Where do the goods customers order come from? In the past, U.S. stores have largely been stocked by supply chains that flow through the West Coast. However, the early days of the COVID-19 pandemic highlighted some of the weaknesses of the existing system.
Delays at ports have been some of the most significant and most persistent supply chain stories throughout the pandemic. While administrative efforts have helped clear the backlogs, shippers and the organizations that rely on them will remember what it felt like to have goods languishing at the Ports of Los Angeles and Long Beach.
Shipping organizations are realizing that port infrastructure represents a potential bottleneck in their operations — the question is what they will do about it.
Companies look east
The Wall Street Journal recently reported on some of the methods companies are using to diversify their supply chains and make themselves less vulnerable to congestion at ports. Namely, they are looking to East Coast ports such as The Port of New York And New Jersey.
The WSJ explained that companies such as Abercrombie & Fitch have begun to move a larger percentage of their goods through the East Coast. While the breakdown was previously 90% west and 10% east, the East Coast now accounts for 25% of the brand’s imports.
The factors behind such decisions go beyond the desire to avoid further slowdowns in Southern California. The Panama Canal has widened in recent years, helping shipping to the East Coast, while companies have begun to import more goods from Europe, as opposed to relying so heavily on China.
Another company that has shifted east is Newell, the brand behind diverse products such as Sharpie markers and the items from Yankee Candle. The company, seeking to reach the eastern U.S., has opened a Pennsylvania distribution center and intended to add another in North Carolina.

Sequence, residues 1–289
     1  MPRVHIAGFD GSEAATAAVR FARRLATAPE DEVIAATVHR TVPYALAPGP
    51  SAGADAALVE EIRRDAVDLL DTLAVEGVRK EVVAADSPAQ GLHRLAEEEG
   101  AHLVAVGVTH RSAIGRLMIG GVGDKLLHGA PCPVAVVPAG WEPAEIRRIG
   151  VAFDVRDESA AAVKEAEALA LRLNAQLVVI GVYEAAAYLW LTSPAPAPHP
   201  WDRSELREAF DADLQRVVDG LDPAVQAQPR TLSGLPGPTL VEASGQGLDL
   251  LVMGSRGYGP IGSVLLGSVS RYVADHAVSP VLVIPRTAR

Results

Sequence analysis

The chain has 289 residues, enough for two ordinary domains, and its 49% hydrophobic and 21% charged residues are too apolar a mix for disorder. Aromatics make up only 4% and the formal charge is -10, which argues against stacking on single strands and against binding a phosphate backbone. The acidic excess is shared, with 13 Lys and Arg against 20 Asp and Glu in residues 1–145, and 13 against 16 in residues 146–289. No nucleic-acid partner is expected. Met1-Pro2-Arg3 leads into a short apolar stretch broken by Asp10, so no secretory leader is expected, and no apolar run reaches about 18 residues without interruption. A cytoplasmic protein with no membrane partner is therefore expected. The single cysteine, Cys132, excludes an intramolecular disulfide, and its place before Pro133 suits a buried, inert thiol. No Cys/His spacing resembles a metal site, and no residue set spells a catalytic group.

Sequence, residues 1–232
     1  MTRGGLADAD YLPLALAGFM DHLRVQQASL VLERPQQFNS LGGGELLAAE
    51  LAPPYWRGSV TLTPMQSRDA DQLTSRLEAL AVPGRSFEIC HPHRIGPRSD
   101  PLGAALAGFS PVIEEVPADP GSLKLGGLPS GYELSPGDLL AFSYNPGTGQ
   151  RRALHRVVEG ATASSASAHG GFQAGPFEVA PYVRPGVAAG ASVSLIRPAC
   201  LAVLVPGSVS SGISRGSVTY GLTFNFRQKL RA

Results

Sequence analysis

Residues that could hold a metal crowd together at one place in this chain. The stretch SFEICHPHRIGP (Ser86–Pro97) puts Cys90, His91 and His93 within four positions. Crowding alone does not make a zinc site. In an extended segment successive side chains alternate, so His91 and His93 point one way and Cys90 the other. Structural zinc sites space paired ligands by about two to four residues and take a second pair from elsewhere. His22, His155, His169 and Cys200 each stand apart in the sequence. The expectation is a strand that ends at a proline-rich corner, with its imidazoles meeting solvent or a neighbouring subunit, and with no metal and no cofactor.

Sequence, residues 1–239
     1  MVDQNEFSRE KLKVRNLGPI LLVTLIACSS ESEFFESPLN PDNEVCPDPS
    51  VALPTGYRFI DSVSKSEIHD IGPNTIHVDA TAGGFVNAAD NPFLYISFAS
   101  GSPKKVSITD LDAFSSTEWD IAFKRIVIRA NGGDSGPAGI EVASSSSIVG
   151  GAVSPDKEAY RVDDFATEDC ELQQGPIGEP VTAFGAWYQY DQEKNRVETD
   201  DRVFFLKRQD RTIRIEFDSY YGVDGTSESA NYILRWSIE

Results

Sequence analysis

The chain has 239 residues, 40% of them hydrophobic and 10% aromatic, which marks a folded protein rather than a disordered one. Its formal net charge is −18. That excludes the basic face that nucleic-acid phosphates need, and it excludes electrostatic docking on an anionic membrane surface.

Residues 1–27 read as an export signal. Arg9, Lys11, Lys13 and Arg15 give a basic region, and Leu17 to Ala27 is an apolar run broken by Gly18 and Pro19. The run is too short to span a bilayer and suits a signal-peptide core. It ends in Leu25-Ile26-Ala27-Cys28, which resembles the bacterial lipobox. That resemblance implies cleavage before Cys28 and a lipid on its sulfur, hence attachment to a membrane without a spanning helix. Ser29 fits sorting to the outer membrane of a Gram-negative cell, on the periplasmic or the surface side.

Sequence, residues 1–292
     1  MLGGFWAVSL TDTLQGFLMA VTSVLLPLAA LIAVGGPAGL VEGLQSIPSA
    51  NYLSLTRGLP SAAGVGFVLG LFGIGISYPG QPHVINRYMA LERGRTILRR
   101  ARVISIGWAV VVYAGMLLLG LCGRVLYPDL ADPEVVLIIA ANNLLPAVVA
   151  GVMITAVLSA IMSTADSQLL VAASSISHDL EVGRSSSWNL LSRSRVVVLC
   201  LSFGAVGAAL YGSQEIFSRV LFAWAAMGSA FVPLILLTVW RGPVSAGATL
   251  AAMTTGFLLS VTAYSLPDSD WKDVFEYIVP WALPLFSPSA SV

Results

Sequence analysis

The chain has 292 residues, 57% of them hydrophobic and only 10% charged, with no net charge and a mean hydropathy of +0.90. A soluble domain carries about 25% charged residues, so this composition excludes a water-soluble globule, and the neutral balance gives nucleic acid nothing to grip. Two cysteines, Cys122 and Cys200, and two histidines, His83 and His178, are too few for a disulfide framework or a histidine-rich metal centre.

Backlogs: Not just for the West Coast
Of course, moving operations away from the ports that suffered backlogs in 2022 is not a cure-all for shippers. As of mid-December 2022, the Port of Savannah in Georgia was struggling to clear a queue of its own, according to Maritime Executive.
With Savannah seeing the same increased activity as other major ports in 2022, it’s perhaps inevitable that a backlog would take shape at the southern port. Diversifying points of entry for imports is an important way to add strength and resilience to supply chains, but organizations and port authorities will have to work together to make the new operations work.
Maritime Executive reported that administrators are hoping to solve the problem with a twofold approach. In the short term, the port will get ships moving as container volume normalizes, while in the long term, Savannah will add two large berths and additional container yards in areas now used for breakbulk.
Increased volume is a factor that affected ports around the U.S. in 2022, for better and for worse. Looking to 2023, shippers are naturally considering new ways to mitigate the disruption they felt throughout the year.